In a bid to tackle a chronic housing shortage and homelessness among citizens, New Zealand has proposed a ban on foreigners buying existing homes.
Alongside the ban, the proposals include building 100,000 affordable homes, preventing sell-offs of state housing, and offering more funding to ease homelessness. Housing speculators selling properties within five years of purchasing them could also see a new tax imposed.
But according to research from the Real Estate Institute of New Zealand (REINZ), the upcoming ban on overseas buyers purchasing property in New Zealand is expected to have a minimal impact on sales.
A survey recently undertaken by REINZ revealed that, currently, only a minority (3.8%) of buyers are from abroad.
REINZ chief executive Bindi Norwell said: “Ahead of the government’s upcoming foreign buyer ban, we were interested to understand exactly what percentage of residential sales were made to international buyers as there is minimal data available.”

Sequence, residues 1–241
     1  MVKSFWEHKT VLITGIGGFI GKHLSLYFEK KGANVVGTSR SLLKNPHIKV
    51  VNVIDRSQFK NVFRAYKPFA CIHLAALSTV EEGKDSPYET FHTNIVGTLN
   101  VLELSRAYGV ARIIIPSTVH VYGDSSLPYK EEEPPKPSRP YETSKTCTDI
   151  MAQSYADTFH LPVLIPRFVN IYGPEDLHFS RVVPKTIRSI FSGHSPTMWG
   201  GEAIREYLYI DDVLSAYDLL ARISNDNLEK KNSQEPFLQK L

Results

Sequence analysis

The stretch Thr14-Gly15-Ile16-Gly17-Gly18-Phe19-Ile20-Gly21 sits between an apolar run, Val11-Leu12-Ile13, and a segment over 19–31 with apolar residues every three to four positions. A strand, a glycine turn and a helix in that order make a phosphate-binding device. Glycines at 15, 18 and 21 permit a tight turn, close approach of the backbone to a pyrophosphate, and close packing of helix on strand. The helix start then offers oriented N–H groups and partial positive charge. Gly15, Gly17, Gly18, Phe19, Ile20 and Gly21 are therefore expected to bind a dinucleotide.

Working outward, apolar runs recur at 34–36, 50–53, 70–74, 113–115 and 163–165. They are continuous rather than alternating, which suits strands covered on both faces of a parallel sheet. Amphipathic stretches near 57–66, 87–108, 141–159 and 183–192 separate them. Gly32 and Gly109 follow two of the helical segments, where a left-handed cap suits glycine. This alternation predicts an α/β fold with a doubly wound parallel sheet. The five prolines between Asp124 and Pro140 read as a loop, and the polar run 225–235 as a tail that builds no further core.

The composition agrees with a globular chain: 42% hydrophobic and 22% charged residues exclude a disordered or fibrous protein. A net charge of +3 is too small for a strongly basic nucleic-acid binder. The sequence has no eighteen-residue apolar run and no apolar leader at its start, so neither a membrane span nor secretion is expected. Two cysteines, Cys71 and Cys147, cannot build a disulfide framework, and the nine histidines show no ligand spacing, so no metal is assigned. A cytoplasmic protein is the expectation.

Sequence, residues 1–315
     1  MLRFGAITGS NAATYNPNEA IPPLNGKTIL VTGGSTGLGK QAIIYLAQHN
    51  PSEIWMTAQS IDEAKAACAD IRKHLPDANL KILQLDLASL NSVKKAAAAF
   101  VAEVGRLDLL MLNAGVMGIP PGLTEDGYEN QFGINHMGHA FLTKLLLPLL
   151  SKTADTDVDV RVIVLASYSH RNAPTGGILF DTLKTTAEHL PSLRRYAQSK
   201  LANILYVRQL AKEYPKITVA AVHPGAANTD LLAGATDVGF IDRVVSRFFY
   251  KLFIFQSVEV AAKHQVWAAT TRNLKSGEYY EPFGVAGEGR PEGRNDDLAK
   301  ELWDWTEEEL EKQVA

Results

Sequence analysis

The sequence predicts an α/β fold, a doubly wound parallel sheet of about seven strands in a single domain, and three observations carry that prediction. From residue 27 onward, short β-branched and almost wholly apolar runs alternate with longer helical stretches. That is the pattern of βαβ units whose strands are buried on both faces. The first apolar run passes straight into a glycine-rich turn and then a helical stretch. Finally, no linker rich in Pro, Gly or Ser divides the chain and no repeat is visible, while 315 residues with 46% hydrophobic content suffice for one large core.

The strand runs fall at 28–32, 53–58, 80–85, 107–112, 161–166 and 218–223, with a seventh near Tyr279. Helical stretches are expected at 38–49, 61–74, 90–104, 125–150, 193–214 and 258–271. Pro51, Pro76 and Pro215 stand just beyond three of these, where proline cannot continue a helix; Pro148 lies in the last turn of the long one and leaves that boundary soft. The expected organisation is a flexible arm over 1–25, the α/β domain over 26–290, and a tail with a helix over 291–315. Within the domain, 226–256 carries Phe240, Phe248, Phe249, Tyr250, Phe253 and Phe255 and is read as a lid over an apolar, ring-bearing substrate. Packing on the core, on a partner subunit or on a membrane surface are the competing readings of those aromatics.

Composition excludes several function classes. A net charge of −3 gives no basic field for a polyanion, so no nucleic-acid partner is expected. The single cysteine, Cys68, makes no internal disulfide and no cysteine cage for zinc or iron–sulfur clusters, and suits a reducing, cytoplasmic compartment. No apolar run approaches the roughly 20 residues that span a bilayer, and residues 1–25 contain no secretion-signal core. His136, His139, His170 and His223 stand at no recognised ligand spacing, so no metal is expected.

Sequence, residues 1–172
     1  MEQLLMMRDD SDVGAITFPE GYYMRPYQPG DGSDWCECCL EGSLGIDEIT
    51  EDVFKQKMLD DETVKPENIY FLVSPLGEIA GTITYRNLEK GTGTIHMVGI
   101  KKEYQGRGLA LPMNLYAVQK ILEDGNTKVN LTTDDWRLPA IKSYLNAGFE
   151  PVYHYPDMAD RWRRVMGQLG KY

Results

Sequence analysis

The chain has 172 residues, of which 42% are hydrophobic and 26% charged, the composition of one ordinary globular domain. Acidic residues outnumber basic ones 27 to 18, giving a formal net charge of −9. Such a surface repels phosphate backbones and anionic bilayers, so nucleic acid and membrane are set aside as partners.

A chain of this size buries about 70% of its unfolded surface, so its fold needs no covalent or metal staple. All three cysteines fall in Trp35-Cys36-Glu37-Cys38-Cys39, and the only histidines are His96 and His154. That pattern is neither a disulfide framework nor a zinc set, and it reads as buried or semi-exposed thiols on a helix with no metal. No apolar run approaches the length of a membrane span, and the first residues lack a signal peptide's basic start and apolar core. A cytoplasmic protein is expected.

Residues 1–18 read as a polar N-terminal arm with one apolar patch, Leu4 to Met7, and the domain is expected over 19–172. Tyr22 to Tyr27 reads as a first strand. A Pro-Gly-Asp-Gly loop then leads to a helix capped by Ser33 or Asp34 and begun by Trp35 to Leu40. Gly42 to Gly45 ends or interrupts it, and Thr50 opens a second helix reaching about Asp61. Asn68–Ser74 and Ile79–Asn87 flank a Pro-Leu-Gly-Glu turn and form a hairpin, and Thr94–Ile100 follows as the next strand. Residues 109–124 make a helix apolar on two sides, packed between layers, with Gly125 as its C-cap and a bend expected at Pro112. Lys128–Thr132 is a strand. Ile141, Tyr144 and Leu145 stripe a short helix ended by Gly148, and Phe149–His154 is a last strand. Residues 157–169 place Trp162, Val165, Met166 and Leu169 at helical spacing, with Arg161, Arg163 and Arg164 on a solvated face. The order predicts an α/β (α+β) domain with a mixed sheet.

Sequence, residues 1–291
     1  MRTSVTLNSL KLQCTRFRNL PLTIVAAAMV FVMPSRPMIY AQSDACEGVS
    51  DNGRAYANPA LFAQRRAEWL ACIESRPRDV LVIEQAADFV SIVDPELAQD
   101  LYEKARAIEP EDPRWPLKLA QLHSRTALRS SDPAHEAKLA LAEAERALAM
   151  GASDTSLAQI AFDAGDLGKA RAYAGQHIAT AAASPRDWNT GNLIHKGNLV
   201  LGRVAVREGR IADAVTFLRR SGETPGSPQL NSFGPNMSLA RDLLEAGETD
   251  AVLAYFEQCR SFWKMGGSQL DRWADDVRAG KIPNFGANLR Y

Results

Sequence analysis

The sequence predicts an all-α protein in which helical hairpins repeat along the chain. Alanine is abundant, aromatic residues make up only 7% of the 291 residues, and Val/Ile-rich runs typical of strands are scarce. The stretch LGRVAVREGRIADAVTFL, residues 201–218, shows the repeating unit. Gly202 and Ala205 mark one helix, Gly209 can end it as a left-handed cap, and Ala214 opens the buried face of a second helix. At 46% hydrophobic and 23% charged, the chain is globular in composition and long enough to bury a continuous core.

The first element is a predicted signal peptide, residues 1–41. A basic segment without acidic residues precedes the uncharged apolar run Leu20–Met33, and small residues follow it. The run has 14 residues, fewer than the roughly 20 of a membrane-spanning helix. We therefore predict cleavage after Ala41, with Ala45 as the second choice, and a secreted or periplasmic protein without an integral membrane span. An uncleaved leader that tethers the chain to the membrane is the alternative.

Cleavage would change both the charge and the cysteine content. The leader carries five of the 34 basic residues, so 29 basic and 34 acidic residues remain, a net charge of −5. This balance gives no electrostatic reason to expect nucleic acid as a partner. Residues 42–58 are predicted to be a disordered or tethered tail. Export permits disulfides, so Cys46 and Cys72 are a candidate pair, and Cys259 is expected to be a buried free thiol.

Norwell added: “Our survey indicates that only a small number of sales are made to buyers from offshore – the clear majority of sales are made to locals (63.9%) and those from other towns or cities from within New Zealand (29.8%).”
Following Australia’s lead
New Zealand housing minister Phil Twyford said when Australia banned investors buying existing homes, $30bn was poured into new housing.
Twyford added that he hoped the same would happen in New Zealand, as the new regulations would still allow investment in new-build homes.
Economist Shamubeel Eaqub said that similar legislation in Australia helped create a building boom in Melbourne that had cooled the market.
“For New Zealand I think it makes sense for us to follow because we simply can’t keep up with population growth and demand growth, and taking away a little bit of demand at the margin will help, but this is not going to be the panacea,” he said.